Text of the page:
Whole Foods is facing anti-Asian claims for partnering with a California restaurant named “Yellow Fever” — but the Korean-American founder says there shouldn’t be any ill-will toward her eatery.
“I think it’s been silly, and I think it’s a bit funny that it’s all of a sudden a big deal,” co-founder Kelly Kim told the Daily News.
“There’s nothing offensive about our restaurants,” she said.
Whole Foods came under fire when it tweeted this week that a new branch of Yellow Fever would be located inside its 365 outpost in Long Beach, Calif.
Many people on social media were furious that Whole Foods would use a tone-deaf name for an eatery, and many believed it was a subsidiary of the Amazon-owned grocery chain.
“This is not a joke. Nobody @WholeFoods or @amazon noticed the problem with calling an Asian restaurant ‘Yellow Fever,’ ” tweeted @texasinafrica on Friday night. “This was okayed all the way up the chain & actually got built.”
Others noted that — along with being slang for white men who prefer Asian women — “Yellow Fever” refers to a tropical disease spread by mosquitoes.
Whole Foods didn’t return a request for comment Friday night.
Kim told The News that she didn’t see the social media backlash until Friday, but suggested that it was created by people who “want to stir the pot a little bit.”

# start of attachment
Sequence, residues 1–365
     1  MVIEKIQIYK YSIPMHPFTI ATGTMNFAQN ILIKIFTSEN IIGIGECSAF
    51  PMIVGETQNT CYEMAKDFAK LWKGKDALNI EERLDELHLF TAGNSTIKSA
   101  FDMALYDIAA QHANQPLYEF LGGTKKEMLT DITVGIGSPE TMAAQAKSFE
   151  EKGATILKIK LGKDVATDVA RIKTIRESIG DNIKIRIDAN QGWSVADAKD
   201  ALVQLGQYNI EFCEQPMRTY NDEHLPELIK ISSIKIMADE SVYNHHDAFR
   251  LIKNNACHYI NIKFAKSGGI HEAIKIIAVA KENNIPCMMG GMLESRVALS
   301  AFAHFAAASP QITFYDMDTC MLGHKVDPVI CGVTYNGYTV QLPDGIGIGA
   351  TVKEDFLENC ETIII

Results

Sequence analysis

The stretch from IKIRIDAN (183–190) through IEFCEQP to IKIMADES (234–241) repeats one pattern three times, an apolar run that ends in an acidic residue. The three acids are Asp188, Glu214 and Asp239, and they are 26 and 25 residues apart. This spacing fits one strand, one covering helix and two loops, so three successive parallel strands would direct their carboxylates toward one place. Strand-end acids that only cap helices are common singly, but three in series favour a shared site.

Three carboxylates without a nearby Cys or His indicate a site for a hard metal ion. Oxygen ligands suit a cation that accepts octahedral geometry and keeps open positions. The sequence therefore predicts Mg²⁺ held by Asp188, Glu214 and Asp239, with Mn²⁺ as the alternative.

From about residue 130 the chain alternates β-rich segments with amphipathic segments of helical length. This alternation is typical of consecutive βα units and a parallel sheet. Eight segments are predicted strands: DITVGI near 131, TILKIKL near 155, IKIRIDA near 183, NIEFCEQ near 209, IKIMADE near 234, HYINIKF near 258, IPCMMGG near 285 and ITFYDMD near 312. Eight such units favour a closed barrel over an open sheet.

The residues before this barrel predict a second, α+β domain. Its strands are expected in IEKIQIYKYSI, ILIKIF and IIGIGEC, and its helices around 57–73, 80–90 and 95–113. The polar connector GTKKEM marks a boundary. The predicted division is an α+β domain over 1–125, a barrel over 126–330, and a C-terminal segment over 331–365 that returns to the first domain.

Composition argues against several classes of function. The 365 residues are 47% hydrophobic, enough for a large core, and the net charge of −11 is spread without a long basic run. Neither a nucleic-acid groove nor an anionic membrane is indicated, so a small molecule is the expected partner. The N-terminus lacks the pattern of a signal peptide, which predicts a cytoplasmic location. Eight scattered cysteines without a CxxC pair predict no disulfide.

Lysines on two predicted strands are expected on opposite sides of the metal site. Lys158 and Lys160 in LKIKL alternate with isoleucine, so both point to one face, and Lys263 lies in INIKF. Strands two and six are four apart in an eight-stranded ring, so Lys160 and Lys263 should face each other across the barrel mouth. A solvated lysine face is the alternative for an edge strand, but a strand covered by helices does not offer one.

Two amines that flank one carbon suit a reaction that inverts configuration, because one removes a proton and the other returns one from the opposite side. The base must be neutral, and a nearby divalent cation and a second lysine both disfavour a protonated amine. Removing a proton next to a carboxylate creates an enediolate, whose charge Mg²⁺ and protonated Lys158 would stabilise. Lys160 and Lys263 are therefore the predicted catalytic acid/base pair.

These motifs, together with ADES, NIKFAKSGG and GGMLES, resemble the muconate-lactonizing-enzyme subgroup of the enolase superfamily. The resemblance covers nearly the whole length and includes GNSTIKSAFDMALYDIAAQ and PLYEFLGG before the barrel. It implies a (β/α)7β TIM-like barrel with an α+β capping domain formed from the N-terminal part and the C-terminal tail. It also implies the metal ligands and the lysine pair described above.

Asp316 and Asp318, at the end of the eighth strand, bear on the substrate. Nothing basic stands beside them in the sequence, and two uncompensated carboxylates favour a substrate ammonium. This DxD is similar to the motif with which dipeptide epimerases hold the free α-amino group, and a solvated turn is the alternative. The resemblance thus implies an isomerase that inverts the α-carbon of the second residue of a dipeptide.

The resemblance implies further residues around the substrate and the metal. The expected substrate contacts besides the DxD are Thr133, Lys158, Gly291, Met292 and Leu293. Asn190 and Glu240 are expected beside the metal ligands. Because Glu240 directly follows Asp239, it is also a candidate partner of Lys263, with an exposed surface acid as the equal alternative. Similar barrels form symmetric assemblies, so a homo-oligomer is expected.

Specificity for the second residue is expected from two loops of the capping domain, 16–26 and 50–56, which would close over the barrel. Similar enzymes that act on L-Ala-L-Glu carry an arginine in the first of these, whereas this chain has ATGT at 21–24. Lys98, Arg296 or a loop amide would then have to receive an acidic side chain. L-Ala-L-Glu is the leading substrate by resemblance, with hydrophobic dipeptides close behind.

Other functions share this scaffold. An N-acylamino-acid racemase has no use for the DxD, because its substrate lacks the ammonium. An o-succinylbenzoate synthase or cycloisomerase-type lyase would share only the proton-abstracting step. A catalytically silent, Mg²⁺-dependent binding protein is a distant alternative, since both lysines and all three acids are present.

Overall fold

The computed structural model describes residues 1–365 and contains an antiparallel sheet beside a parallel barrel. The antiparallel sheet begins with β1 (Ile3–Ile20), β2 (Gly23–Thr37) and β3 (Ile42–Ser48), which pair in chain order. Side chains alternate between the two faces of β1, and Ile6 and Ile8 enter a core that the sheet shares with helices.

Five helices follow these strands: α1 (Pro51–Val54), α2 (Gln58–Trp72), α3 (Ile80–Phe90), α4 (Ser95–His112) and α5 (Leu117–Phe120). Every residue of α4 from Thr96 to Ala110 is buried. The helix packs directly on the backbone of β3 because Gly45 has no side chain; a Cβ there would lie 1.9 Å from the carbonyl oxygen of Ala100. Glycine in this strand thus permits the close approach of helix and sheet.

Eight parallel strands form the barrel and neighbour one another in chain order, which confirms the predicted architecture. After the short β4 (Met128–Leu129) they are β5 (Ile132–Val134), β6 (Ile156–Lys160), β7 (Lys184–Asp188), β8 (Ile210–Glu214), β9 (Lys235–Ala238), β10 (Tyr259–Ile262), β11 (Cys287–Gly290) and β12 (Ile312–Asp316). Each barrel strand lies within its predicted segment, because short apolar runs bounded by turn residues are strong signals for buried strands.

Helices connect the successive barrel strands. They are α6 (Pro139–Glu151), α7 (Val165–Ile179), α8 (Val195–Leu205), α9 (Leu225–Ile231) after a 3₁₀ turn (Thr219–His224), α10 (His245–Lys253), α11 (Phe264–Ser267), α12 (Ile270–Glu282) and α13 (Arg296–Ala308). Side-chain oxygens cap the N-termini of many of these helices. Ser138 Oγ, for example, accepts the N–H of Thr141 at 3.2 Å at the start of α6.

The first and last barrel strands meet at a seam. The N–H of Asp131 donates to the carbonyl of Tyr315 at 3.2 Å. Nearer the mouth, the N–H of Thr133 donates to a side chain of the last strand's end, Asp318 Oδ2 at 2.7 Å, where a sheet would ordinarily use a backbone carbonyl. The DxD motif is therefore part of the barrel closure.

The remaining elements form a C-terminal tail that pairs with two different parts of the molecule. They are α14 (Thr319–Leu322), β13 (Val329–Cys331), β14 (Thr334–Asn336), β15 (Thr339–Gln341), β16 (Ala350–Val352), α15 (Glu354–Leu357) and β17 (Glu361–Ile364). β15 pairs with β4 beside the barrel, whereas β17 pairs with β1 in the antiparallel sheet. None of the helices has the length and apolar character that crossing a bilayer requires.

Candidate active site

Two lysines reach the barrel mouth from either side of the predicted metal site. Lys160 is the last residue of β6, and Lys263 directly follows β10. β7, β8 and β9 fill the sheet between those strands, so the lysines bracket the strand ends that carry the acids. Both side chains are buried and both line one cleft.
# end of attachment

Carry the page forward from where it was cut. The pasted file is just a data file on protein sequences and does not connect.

Customers loyal to the chain were turning up to the Long Beach location since it opened Wednesday, regardless of the social media outcry.
“The first day, it exceeded all expectations,” she told the News. “We’ve been welcome with open arms.”
There was never an issue when the South Korea native, who grew up in Houston, opened her first location in Torrance, Calif., more than four years ago, or when its Venice location debuted nearly two years ago.
Kim’s restaurants serve fresh bowls of various Asian cuisine. She has said that she wanted a restaurant name that could re-spin a stereotype into something positive.
“We were worried about a strike at first,” she told the website Next Shark last fall. “Once, I had a friend who was grabbing our food for lunch and her White friend wasn’t sure if he was allowed to eat here.
“But it’s re-appropriating a term — taking ownership of something and defining it in our own way,” she continued.
Still, she said, the name issue came up when partnering with Whole Foods, which also required the restaurant to tweak some of its ingredients.
“I feel pretty comfortable in that they knew what we were all about,” she told The News. “To us, ‘Yellow Fever’ means we love all things Asian meaning food, culture, people. I don’t want to spend any time thinking about or refuting any negativity.”